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Poor Visibility Halts Aerial Search for Pilot

Bad visibility is preventing aerial search efforts for the day. Ground crews, totally 76 searchers, are deployed to locations based on sightings from local residents, satellite imagery from Tomnod, and information provided by Jake’s cell phone company.
MENA, AR (News Release) -- Bad visibility is preventing aerial search efforts for the day. Ground crews, totally 76 searchers, are deployed to locations based on sightings from local residents, satellite imagery from Tomnod, and information provided by Jake’s cell phone company. Every resource available, within the confines of safety, is being utilized by the search operation. Experts from the National Guard, US Forest Service, Arkansas State Police, Arkansas Forestry Commission (AFC), Arkansas Game & Fish Commission, and law enforcement in surrounding counties is taking part in mapping search routes and analyzing possibilities. Personal, in-depth interviews and phone calls continue to be conducted with local residents that may provide information to Jake’s location.

Volunteers all over Arkansas have offered to assist in any way possible with the operation. It is a wonderful state, full of those willing to lift up this search effort in prayer, support, hope, and concern. The search team continues to be grateful for these offers and concerns. Extremely cold, icy weather conditions, paired with steep terrain and ice storm damage, thick brush and forest, and deep ravines, all present extreme risk factors for officials to consider before deploying any search parties, especially those including volunteers. Search and Rescue (SAR) trained officials are part of those in Incident Command that have come to the decision to consider safety first and training second when involving any crews. National Guard and SAR-trained search parties are on standby should weather conditions improve and risk factors change. The Unified Command is making decisions based on safety concerns.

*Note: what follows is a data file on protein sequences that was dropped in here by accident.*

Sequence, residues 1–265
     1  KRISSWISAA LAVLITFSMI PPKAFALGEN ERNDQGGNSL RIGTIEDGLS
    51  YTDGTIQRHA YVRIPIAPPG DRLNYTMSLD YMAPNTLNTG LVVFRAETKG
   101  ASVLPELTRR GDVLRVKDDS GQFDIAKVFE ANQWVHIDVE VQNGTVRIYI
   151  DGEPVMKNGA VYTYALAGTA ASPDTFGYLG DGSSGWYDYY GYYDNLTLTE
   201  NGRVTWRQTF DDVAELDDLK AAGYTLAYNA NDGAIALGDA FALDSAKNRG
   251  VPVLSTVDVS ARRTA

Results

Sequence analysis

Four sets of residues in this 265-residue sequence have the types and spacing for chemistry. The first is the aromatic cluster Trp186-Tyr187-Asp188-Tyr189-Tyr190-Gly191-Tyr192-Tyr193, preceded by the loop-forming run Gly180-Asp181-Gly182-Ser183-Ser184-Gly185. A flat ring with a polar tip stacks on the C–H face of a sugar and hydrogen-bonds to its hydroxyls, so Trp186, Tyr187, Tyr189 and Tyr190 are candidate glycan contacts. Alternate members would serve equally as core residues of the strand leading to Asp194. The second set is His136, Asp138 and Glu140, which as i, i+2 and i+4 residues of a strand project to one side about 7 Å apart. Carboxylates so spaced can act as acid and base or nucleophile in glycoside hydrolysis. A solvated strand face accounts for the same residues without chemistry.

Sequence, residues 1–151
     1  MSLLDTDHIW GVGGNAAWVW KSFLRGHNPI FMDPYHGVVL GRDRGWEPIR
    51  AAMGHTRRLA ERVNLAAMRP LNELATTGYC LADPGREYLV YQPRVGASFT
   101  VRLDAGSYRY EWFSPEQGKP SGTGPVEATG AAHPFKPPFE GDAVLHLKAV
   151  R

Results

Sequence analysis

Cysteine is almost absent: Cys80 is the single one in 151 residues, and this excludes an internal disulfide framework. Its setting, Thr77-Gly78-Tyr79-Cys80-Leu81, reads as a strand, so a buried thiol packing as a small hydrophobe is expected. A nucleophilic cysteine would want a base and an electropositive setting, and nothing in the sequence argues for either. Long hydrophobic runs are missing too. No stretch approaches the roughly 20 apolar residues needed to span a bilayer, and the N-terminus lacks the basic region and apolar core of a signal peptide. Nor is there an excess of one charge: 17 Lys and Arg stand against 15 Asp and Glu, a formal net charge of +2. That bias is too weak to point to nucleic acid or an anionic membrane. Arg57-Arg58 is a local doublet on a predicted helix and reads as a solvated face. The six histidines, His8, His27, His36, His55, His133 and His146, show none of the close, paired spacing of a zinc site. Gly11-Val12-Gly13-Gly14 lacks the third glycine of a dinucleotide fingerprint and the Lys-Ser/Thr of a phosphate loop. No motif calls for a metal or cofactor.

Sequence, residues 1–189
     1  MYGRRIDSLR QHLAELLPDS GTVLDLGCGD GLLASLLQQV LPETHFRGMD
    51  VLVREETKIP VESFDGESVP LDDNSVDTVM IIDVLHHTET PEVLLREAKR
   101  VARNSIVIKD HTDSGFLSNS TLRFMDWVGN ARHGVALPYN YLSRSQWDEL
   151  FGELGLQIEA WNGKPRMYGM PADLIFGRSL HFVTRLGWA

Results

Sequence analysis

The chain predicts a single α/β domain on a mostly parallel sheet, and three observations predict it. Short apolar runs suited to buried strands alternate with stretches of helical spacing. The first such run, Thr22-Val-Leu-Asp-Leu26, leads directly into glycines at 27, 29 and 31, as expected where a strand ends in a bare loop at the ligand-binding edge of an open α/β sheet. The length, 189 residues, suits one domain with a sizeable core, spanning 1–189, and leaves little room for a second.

Drones are being considered as another tool for the search team, as long as they do not conflict with manned aviation efforts. Helicopters involved from the National Guard, Arkansas State Police, and US Forest Service have specialized equipment that can zoom close enough to spot fine details along the ground’s surface. Multiple crew members ride inside helicopters to provide search ability along all angles of the landscape. It is believed that this capability is a strong resource toward locating Jake. Helicopters will continue to be utilized, and drones could be as well, should they help with search efforts.The Incident Command structure in Mena continues as a Unified Command effort with the following partners involved: statewide Arkansas Forestry Commission crews, U.S. Forest Service, Polk, Scott, and Montgomery County Law Enforcement, Arkansas Game and Fish Commission, Arkansas National Guard, Civil Air Patrol, Arkansas State Police, Arkansas Department of Emergency Management, local volunteer fire departments, the Red Cross, and the National Weather Service.

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